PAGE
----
“Inside Out: Emerging From Isolation,” an exhibition at the Claremont Museum of Art, showcases the work local artists have created during the pandemic which reflect their feelings about the COVID-19 pandemic.
Pieces displayed include various media – from oil on canvas paintings to wood and ceramic sculptures.
While some artists used their art to mirror the current reality we live in, others aimed to spread messages of hope for a brighter future and create an escape from this far-from-ideal reality.
Anne Seltzer, who painted the acrylic on canvas piece titled “She Decided,” explained choosing this piece to be exhibited as it was a turning point for her to paint again.
“I felt discouraged during these times but turned to art as an escape and therefore created this autobiographical piece,” she said.
Similarly, Sylvia Megerdichian remembered how happy painting makes her feel and took inspiration from her series “Women and Masks” to create the piece titled “Comfort Zone.”
“When the pandemic hit. I had the idea of painting my women in masks but not the conventional ones we see everyone wearing,” she said.
Using various materials, including acrylic and collage in order to create layers and convey her ideas better, Megerdichian’s artwork encapsulates the initial figurative concept of her “Woman and Masks” series and linking it to the relevancy of the mask wearing as a safety protocol during these times.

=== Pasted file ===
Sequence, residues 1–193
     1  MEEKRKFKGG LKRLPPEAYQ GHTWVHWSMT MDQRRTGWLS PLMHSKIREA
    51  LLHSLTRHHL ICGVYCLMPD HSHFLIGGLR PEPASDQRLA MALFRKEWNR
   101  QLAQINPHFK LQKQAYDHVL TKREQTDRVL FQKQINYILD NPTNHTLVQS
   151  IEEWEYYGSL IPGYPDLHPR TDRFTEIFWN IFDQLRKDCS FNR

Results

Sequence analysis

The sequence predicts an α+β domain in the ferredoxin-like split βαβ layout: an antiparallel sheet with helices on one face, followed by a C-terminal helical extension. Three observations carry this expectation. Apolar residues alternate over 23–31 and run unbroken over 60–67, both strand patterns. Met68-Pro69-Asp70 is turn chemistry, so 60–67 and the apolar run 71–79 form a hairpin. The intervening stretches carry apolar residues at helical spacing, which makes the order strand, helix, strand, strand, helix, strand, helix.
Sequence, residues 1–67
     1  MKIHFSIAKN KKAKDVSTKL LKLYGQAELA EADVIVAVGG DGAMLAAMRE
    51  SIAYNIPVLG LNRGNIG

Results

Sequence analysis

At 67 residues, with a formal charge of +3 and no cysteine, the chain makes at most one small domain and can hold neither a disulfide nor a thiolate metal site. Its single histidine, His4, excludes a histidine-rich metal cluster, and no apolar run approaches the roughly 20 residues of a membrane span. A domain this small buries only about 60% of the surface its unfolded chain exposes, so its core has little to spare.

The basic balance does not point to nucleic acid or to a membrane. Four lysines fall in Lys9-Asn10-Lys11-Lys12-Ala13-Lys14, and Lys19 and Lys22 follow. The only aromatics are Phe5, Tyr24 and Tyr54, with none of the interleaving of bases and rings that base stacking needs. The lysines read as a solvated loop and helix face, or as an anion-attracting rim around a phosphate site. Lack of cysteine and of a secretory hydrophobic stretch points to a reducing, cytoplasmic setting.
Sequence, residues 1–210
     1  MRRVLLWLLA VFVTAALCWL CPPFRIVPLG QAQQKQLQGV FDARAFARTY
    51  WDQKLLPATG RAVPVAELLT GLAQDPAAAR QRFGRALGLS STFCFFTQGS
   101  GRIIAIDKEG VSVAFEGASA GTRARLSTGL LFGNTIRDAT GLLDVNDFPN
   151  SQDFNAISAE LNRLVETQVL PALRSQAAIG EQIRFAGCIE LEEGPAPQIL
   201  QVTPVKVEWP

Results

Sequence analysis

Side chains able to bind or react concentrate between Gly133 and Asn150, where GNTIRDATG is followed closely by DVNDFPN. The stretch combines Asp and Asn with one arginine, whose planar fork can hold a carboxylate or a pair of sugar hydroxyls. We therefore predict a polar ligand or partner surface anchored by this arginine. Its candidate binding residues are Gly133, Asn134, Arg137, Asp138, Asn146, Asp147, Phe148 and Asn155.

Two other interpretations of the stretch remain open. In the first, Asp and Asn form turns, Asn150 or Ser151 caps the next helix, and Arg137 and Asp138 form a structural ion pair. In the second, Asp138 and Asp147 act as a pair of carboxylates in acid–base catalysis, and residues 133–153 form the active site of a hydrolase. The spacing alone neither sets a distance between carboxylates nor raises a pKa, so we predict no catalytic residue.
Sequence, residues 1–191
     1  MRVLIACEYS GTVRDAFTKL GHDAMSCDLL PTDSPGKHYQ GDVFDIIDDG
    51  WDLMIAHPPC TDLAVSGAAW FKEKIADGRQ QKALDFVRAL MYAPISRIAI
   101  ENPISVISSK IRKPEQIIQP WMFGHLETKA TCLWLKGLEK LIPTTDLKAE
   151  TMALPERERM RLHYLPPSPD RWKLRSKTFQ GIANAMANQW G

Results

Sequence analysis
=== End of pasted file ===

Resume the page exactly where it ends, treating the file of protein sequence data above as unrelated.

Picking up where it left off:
“The concept was that women have a lot to say but they have no voice and that figurative concept turned into something more literal and relevant for the pandemic,” she said.
At 8 feet tall, Steve Rushingwind Ruiz’s “Burned Out” sculpture represented by the imagery of a burning matchstick made of wood, described his exact feelings about the pandemic with the appropriate title.
“I was doing another painting for the exhibition but it wasn’t conveying what I was actually feeling, which was feeling burned out and depleted as everything was cancelled,” he said.
Jane Park Wells’ collage piece titled “Hope/Belief” features newspaper clippings of world events overlaid by drawings of origami cranes – a symbol of hope in Asian culture.
“This piece is a continuation of my “Hope” series featuring paper cranes with the message of overcoming through this terrible time together and at the end of the day, there is still hope,” she said”
Named after the goddess of beauty and love, Sumi Foley incorporated pieces of silk fabric in her display “Venus.”
“There’s so much sadness and worry in the world right now and I didn’t want to add more negative energy so I made this piece to bring beauty to the world,” she said.
Picking the image of a bristlecone pine for its sturdy qualities, Foley wanted to convey the message of endurance through hardship and conquering any obstacles that come our way.
In contrast, Gina Lawson Egan wanted to bring playful qualities to the world at this time through her ceramic structure titled “Delightful Diversions.” The structure is made of clay material that she didn’t want to go to waste during quarantine.
“It’s really a statement about how I work and at the end of the day, I try to have fun with my art as it will convey the same to the final product,” she said.
The exhibition runs through Nov. 29 and will also be available online at the Claremont Museum of Art website.
Hien Nguyen can be reached at email@example.com.